It all starts with the willingness to set aside fear, to veer off-road into the wilderness, to put on the Advent garb of trust in the power of God in Christ to transform us day by day.
God bless you and any off-roading you do this Advent. In Christ name and sake. Amen+
Speak to our hearts and strengthen our wills O God so we may love and serve you today and always. Amen
Today is Advent 1. I bet most of you knew that, right? I am willing to bet that many of us here today know that the church season of Advent is about anticipation, preparation, and waiting for the future. I bet that Advent is a favorite season for some of us: a season of beauty, a season with music that transcends and transports us to places of great joy. And………I am willing to bet that for some of us, the season of Advent can slip away – almost unobserved. I bet that it can pass by with great speed without our even being aware that it is passing — and then its ending is often a surprise — not noticed until it is suddenly right on us…..
And that might happen this year even if it usually doesn’t happen to you. If you recall, there are 4 Sunday’s in the church season of Advent. Today, Advent 1, the first of those 4 Sundays, marks the beginning of the church year – and the 4th Sunday this year falls right on Christmas Eve, which doesn’t always happen – we usually have at least a few days between the Sunday of Advent 4 and Christmas Eve. But this year the very next day is Christmas — so… there are no days between Advent 4 and Christmas Day. All this makes for a fast season to go by even faster, so it’s easy to forget that we’re still in Advent that last week.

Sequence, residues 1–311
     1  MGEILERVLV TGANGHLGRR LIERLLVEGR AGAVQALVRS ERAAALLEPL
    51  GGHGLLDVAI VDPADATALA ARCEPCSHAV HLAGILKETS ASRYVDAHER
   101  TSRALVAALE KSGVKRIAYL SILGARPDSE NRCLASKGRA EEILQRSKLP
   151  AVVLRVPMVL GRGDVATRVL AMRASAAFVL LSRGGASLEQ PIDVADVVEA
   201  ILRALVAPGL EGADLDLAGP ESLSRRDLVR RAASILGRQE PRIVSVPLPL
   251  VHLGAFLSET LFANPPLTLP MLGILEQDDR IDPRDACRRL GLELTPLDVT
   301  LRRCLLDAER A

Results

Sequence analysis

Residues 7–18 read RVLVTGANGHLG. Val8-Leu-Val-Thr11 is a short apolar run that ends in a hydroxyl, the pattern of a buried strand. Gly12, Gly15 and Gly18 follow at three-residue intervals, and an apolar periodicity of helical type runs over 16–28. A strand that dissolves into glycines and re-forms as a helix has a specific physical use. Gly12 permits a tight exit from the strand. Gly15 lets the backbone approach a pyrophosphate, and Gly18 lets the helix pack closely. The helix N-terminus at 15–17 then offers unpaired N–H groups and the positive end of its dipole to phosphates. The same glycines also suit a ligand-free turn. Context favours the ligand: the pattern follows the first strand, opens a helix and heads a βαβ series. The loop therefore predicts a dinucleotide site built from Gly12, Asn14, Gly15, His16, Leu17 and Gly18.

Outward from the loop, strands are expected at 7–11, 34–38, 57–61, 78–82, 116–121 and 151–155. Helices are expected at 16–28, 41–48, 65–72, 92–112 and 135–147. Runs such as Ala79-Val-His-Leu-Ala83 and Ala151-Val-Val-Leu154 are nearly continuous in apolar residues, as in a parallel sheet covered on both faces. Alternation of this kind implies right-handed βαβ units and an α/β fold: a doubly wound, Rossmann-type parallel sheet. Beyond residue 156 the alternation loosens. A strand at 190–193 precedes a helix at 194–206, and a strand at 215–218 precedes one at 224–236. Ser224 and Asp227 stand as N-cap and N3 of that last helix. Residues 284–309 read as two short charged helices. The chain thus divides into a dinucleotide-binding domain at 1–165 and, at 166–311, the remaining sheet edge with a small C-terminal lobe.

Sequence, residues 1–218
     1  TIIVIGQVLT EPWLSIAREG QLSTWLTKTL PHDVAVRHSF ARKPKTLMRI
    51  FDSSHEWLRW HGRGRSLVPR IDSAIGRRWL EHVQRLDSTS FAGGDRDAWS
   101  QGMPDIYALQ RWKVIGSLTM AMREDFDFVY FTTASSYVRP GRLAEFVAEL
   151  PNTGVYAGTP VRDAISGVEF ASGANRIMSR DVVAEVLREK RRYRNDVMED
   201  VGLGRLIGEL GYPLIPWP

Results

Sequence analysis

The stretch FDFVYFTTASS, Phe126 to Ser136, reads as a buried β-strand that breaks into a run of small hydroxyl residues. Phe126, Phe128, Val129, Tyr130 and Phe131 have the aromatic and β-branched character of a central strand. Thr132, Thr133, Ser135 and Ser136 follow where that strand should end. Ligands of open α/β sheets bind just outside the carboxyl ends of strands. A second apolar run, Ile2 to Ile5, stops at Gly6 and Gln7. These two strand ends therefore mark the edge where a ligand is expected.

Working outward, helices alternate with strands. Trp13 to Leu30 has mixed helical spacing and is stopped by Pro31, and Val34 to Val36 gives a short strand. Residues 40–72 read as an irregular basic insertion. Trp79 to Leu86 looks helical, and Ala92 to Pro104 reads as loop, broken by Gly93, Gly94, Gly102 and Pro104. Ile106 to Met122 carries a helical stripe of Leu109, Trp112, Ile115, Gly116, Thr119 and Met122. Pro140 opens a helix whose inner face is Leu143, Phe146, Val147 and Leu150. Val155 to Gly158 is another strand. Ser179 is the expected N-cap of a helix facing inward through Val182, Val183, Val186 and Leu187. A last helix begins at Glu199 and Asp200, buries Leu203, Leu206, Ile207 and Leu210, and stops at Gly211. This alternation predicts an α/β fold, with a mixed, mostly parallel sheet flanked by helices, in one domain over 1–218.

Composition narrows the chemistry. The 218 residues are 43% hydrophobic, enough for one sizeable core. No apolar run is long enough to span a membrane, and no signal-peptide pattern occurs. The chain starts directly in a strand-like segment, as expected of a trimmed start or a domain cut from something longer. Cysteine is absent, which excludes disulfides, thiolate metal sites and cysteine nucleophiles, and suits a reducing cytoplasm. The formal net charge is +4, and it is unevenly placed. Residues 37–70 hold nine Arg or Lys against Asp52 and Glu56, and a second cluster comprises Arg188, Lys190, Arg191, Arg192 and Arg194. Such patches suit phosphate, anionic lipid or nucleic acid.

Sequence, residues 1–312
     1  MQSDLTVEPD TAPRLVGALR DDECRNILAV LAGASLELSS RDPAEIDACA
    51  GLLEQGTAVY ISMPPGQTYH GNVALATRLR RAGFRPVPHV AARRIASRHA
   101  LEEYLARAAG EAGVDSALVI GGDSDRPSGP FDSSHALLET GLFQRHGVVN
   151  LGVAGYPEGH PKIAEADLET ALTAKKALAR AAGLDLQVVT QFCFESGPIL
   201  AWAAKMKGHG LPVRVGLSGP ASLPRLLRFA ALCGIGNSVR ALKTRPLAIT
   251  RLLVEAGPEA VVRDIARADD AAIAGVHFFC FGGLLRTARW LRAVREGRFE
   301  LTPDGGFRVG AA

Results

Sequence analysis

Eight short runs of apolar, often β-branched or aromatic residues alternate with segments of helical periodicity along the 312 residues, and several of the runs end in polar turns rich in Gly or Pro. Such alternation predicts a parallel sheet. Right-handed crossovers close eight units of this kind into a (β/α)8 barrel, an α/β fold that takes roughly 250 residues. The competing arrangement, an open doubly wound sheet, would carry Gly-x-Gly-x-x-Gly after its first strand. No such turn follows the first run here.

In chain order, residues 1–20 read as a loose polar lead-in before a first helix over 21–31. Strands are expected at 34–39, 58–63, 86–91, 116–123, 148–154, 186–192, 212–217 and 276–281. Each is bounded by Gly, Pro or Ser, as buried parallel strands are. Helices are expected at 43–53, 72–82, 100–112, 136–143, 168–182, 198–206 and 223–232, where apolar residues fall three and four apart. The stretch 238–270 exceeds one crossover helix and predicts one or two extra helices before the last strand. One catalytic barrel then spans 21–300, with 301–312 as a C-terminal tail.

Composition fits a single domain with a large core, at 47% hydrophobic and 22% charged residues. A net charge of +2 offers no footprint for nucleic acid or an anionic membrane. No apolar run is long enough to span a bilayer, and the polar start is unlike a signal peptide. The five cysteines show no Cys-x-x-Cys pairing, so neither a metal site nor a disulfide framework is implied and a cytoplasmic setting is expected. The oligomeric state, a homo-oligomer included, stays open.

I used to be a bit flummoxed by the season of Advent because, while I understood that Advent is a period of spiritual preparation in which we make ourselves ready for celebrating the coming, the incarnation, of Jesus at Christmas, I didn’t understand why we would hear about the end of days right before that in Advent. It seemed totally out of order to me, and so I was always thrown by the scripture readings for the first two Sundays during Advent — the ones that focus on the second coming of Christ – readings that are not happy or joyous, rather they’re scary and apocalyptic. It wasn’t until the last two Sundays came along that we would hear about the joyous time of Christ’s birth – his first coming. So, over the course of the four weeks, scripture readings would move from passages about Christ’s future coming return, to scripture about Christ’s initial coming, when Jesus arrived in the Nativity story we know so well. I just didn’t get it.